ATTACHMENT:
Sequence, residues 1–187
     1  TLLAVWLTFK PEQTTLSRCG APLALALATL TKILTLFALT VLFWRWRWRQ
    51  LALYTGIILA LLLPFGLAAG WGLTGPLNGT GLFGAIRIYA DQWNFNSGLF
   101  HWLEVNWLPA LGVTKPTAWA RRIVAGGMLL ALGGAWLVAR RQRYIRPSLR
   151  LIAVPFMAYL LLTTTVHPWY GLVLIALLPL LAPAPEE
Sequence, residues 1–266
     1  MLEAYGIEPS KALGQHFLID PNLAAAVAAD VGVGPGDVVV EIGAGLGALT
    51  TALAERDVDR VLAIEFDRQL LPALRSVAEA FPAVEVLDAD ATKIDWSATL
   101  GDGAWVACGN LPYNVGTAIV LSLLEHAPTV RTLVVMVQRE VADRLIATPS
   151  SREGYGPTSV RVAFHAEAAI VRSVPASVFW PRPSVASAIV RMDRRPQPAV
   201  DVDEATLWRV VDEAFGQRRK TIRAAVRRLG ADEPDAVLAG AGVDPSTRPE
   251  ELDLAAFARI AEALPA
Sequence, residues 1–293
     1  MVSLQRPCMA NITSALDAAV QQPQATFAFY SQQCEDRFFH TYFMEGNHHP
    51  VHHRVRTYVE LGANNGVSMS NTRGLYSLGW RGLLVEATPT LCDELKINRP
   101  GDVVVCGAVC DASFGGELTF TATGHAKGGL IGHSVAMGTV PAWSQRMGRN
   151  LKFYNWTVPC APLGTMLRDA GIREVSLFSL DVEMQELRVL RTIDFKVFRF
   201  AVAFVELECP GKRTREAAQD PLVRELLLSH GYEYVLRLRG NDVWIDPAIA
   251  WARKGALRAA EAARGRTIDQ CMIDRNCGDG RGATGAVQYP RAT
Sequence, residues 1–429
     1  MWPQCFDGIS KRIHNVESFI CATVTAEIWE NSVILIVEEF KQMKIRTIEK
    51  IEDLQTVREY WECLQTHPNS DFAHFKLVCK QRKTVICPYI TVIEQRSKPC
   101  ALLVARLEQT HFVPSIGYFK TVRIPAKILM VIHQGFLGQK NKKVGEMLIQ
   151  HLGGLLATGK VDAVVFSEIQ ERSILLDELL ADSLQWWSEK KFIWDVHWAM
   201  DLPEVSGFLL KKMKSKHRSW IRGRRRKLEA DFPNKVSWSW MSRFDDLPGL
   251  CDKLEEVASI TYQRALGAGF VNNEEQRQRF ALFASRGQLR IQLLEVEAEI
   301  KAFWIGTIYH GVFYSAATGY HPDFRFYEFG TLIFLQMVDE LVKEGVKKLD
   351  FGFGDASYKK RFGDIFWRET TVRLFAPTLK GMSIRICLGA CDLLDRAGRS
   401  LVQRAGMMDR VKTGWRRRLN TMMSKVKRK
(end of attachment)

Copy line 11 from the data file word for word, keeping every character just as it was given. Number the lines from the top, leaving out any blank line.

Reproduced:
   201  DVDEATLWRV VDEAFGQRRK TIRAAVRRLG ADEPDAVLAG AGVDPSTRPE